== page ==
Last week I found myself in unusual circumstances. I had free time, a fueled bike and no idea where to go. The 10 maps in front of me did not help much. I asked friends for fresh ideas, but still came up empty handed.
I considered various destinations and routes, but nothing excited me. Maybe I needed to get back to my roots? Where did my love for biking start? Trailriding!
I knew instantly I was onto something. The CTX200 has the new pannier system just waiting to be tested. I vaguely remembered a dam I once saw on Google Earth. A huge dam built by the old government out in the sticks. What for? There is nothing there?
Two ride reports I read on the Wild Dog Forum came to mind. Luckystriker once slept in the South Cape forests – something I’ve wanted to do ever since I read that Ride Report. The other was a report by Jerrycan who saw a pan on Google Earth and went and looked for it.
It was decided. I will search for and find that dam come hell or high water. The dam is situated high in the mountains in an area I’ve never ridden before. Permission to ride there was needed and obtained. Also permission to ride on a neighboring farm with huge pieces of indigenous forests.
LGF and SCP did not need to be invited on this adventure twice. The three of us it would be. We would search for the dam, explore the greater area and set up camp where-ever we found ourselves come late afternoon.
We left on Saturday morning on a beautiful sunny day. Entering the forest on our farm:
The CTX pack donkey was heavily laden. The reason will be revealed later.
Today the temperatures would soar, but it’s nice and cool in the forest. SCP enjoying the ride:
Soon we found ourselves higher up on the mountain. The views were spectacular. You could see all the way to the ocean.
The scenery will tell the story:
Note the fishing rod. I hoped to fish for some Bass once we got to the dam
There are so many roads here. Trying to remember what LGF & I saw on Google Earth turned out to be quite a challenge. At one junction we got to five roads converged. You could ride and explore here for days!
The scenery varied between indigenous forest, plantations and open land (harvested plantations). The plantations will not be replanted. The whole area will be rehabilitated to it’s original condition.
We'd head for high point sometimes to estimate where we were. We reckoned we needed to get to the higher of those two roads:
And then, after searching and exploring, we saw it:
(Pic taken into the sun – sorry)
Look at this!
Success! I wonder why it’s here?
By now it was lunch time and we stopped in a shady spot in the forest for lunch. I had a Cheese and Mushroom Pasta salad and a nice white blend chilled to perfection (No kidding – the wine was lying in ice all the time! ). This is trail riding in style!
The dam didn’t have nice flat spots around it and it was still quite early, so we headed for the larger indigenous forests. We’d find a camping spot later. I prefer the forest to the plantations anyway.
You can ride in these mountains / forests kilometer after kilometer / hour after hour.
There were some good gravel roads, jeep tracks and single tracks. Sometimes the bark busters were working overtime!
Sometimes a muddy or sandy patch would catch you out. I had one close call – luckily I was on the small light bike!
Eventually we had to decide on a camping spot.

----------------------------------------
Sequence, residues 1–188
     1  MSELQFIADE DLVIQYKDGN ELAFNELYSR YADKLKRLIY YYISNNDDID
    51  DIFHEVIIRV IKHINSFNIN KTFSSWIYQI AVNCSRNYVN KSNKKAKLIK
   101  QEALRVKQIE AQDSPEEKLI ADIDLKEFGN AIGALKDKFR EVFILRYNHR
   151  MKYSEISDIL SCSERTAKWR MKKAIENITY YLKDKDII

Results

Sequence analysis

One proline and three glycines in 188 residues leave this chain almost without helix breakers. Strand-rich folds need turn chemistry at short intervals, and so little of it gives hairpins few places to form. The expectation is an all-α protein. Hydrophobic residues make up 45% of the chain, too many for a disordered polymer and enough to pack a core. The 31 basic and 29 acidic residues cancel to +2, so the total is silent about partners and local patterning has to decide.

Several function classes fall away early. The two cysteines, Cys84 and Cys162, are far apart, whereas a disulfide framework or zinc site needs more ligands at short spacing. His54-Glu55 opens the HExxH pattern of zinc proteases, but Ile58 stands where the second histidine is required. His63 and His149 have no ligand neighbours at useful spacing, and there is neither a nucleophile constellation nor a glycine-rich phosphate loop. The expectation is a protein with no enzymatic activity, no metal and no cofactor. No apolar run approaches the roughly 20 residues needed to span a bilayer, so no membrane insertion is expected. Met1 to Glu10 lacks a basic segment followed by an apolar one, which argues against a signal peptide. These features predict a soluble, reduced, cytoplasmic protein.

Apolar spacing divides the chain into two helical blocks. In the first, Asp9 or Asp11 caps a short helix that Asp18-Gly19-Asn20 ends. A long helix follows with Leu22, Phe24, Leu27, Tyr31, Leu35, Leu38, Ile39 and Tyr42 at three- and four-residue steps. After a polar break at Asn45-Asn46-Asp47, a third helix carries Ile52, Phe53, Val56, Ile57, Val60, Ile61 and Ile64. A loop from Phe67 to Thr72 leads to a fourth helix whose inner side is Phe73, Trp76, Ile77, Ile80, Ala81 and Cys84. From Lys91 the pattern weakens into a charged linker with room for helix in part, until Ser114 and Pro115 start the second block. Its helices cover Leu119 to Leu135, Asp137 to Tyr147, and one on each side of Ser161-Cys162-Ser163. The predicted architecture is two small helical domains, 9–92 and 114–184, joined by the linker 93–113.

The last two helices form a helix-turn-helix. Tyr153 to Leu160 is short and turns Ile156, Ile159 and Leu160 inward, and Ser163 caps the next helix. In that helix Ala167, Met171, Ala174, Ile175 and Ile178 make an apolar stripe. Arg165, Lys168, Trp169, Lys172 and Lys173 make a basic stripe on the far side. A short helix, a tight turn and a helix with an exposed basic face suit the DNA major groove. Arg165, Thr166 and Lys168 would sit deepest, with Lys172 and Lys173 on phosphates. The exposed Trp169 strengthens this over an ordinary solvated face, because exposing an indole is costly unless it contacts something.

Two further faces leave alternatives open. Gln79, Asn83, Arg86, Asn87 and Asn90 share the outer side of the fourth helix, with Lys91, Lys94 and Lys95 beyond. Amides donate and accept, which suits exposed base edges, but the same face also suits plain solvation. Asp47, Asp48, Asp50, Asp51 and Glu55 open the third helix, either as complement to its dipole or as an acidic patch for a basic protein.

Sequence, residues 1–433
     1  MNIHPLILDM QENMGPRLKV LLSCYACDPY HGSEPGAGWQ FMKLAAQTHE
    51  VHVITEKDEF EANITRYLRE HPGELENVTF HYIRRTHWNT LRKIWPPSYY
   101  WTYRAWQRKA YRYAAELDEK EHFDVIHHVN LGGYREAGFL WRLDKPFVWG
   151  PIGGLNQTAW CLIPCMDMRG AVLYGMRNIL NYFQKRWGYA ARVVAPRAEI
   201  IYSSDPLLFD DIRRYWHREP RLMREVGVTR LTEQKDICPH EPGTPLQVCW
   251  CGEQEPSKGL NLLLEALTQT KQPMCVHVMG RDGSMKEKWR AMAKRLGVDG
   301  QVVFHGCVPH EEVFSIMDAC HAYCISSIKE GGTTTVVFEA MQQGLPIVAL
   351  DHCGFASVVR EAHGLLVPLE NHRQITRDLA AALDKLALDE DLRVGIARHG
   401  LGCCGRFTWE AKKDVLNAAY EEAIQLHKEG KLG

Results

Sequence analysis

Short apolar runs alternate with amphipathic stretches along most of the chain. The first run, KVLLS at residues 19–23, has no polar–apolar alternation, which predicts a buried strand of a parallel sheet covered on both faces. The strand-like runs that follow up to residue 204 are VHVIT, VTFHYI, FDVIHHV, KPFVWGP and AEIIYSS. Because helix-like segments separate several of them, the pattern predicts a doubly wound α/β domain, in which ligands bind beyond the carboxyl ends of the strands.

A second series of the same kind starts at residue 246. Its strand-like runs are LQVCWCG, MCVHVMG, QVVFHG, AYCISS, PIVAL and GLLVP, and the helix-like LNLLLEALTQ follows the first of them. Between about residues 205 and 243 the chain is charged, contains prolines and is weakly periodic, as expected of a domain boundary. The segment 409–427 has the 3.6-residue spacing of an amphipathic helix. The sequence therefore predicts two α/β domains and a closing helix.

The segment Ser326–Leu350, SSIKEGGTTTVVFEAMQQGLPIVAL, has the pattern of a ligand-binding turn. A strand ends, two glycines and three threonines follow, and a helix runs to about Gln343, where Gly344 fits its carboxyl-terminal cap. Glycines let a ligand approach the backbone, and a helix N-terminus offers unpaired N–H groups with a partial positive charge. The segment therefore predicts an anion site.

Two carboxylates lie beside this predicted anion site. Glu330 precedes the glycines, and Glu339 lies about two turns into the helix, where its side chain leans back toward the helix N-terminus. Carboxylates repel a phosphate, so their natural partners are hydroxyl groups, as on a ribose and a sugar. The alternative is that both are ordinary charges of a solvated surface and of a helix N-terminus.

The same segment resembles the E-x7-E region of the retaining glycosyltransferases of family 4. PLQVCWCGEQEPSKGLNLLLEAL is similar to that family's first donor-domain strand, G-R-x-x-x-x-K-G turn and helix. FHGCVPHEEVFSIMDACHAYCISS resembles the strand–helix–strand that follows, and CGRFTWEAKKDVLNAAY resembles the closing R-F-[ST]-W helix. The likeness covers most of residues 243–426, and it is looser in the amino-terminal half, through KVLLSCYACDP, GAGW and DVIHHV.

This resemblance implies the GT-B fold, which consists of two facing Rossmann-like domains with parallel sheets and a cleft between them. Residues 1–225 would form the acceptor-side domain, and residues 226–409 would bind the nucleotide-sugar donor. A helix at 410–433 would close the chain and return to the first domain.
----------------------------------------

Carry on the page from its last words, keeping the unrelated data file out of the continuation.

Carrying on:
This site seemed to do the trick. Nice cool and shady and very scenic! Our camp for the night:
We settled in. We had an old tree stump as a bench and before long we were relaxing with a cold one.
We even brought our own braai (BBQ) and braai wood. Of course one shouldn’t remove wood from these sensitive (recovering) eco systems and so we brought our own. That’s why my steed was so heavily laden. The CTX can carry 180kg (according to the manual). Not to shabby!
LGF on the art of fire building:
On the menu tonight – T-bone steak.
Night fell and we chatted the night away. We also had the privilege to be visited by some fireflies. I flashed my torch and a firefly flew right to us. Amazing.
Unfortunately the conversation eventually turned to the "Blair Witch Project", Axe murderers and leopard…
Funny how active and imagination can get in the middle of the night in a dark forest.
Eventually we turned in. At 2 am I woke to a helluva noise. What the hell? It sounded lake a HUGE wave (like a tsunami) approaching. It got louder and louder. As it turns out it was a gale force wind running down the mountain. You could hear it approach, pass overhead and rush away. Then the next, and the next! I could hear a branch break and fall somewhere close. Scary stuff! The Blair Witch paled in comparison to the real threat of being crushed by a tree.
Funnily enough we had very little wind in our camp. It seemed to pass over us in the tree tops. It lasted until about 3 am and we could rest again.
I did hear steps around our camp later that night too, but I decided not to investigate. The next morning SCP said he heard it too...
The next morning I woke to this: The view from my tent.
Wow! Can life get any better than this? I felt like a boy again. Invigorated. Fresh air, forest sounds, amazing!
On the breakfast menu: Cappuccino and Bokomo “Up & Go”.
We packed up camp and got ready to ride. By the time we left there was absolutely no sign that any humans were there.
As it turns out our camp was only 8,5km from the farmhouse. I’ll be coming back soon! I can’t think of a better and more enjoyable trip for the boys especially. Every boy should experience nature like this.
Stay tuned. Hopefully that camping trip will be added to this one soon!
And eventually we did. Have a look at the story here: The Blair Witch Project - Concluded!